How to run automated measurements using Command Line Lua Interpreter

April 19, 2018

Lua scripting, an Otii premium feature, is very useful for automating iterative and time consuming power consumption measurements. It can be run through the Otii GUI, as which was showcased in this video. However, it can also be run through the command line Lua interpreter, otiicli, which is the topic of this blog post.

Let´s start with a simple, straightforward set-up of Otii and a Device Under Test (DUT). The only connections needed for this exercise are a USB cable from the PC to the Otii Arc, and power cables from Otii Arc to the DUT.

Down below you can find a Lua script that demonstrates basic usage of the Lua language, as well as some Otii specific techniques, e.g:

  • passing command line arguments to the script
  • setting parameters for the Otii device, like voltage, measurement channels etc
  • printing messages to stdout
  • starting and stopping a recording
  • turning main power on and off
  • delaying
  • saving project
  • exiting the script in a nice and clean manner

To run the script you should first make sure that you have your Premium license reserved, and that the Otii client SW is not running (else the Otii SW will lock out the script). Then invoke the script as follows:

$ otiicli otiicli_example.lua <iterations> <duration> <delay>

So what does the script do? When started, the Lua script checks for command line parameters and assigns them in the following order: 1st parameter is the number of iterations; 2nd parameter is duration of a recording in milliseconds; 3rd parameter is delay after each recording in milliseconds.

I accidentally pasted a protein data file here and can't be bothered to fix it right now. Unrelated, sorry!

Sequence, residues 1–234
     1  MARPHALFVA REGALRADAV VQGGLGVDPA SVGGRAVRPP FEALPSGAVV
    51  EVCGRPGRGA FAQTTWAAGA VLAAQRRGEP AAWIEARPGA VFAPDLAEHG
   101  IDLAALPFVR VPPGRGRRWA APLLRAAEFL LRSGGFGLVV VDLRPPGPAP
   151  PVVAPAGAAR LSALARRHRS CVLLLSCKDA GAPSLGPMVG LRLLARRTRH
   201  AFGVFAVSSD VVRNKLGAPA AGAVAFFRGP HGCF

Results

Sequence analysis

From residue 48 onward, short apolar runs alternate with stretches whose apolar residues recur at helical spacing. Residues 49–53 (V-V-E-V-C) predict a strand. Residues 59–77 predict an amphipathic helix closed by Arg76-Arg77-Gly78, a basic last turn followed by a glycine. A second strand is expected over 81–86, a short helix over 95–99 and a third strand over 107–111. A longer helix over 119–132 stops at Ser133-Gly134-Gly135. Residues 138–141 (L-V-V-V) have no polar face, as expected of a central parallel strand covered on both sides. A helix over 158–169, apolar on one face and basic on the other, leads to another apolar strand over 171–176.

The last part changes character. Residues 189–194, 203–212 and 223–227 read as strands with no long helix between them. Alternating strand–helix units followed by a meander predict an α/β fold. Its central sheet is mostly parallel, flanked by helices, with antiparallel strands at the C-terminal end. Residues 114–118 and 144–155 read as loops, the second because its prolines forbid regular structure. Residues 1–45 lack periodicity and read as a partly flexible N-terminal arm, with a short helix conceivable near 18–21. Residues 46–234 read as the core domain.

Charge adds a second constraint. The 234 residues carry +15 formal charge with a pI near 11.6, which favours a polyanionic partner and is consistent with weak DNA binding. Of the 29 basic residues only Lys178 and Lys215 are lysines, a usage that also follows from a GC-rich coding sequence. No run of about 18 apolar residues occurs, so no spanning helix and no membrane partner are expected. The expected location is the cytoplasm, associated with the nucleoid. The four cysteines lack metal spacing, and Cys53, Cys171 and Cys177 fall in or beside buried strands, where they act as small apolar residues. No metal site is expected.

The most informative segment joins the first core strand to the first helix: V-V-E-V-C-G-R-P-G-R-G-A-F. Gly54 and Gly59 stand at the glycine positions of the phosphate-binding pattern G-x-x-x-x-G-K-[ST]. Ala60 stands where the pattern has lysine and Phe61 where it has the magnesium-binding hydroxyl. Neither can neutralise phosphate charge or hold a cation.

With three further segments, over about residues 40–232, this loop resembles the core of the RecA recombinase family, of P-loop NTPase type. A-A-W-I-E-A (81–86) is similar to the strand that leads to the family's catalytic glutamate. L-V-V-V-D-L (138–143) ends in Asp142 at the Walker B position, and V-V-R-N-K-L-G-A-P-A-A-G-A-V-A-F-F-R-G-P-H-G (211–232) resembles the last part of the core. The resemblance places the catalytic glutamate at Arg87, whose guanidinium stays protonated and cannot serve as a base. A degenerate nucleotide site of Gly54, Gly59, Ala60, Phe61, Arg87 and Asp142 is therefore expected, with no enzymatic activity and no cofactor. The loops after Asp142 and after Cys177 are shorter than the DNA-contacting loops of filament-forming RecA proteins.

local iterations = tonumber(args[2])
local duration = tonumber(args[3])
local delay = tonumber(args[4])

Main voltage, maximal current, enabled channels and other important settings are also specified in Params section of the script. It is always a good idea to check these before starting.

local range = "low"
local vmain = 3300
local imax = 700
local channels = {"mc", "mv"}
local onoffdelay = 500

Then the script searches for the Otii device and sets its parameters.

local devices = otii.get_devices()
assert(#devices > 0, "No Otii devices")

local arc = otii.open_device(devices[1].id)
assert(arc ~= nil, "No available Otii")

arc:set_range(range)
arc:set_main_voltage(vmain)
arc:set_max_current(imax)
for _, channel in ipairs(channels) do
    arc:enable_channel(channel, true)
end

A new project is created each time a script runs, so copy your previously created project file otiicli_example.otii if you want to save it.

project = otii.create_project()
assert(project ~= nil, "Unable to create project")

A small header is printed after that it displays the Otii version, the title of your test session and the parameters with their assigned values.

The main loop is rather self-explanatory but it is worth noting that good practice is to have recording mode already running at the moments when power is turned on or off. If you don’t, you’ll lose transitional processes that generate high spikes.

for i = 1, iterations do
    otii.writeln("Starting iteration " .. tostring(i))
    otii.writeln("Will run for " .. tostring(duration) .. " msec")

    project:start()
    otii.msleep(onoffdelay)

    project:enable_main_power(true)

    otii.msleep(duration)

    project:enable_main_power(false)
    otii.msleep(onoffdelay)
    project:stop()

    otii.writeln("Delaying for " .. tostring(delay) .. " msec...")

    otii.msleep(delay)
end

The script shown here can be used as a base to be modified for your own use, and there is more information to be found in the help section of the Otii SW, and in discussions on our forum.

The Qoitech Team

Downloads

otiicli_example.lua

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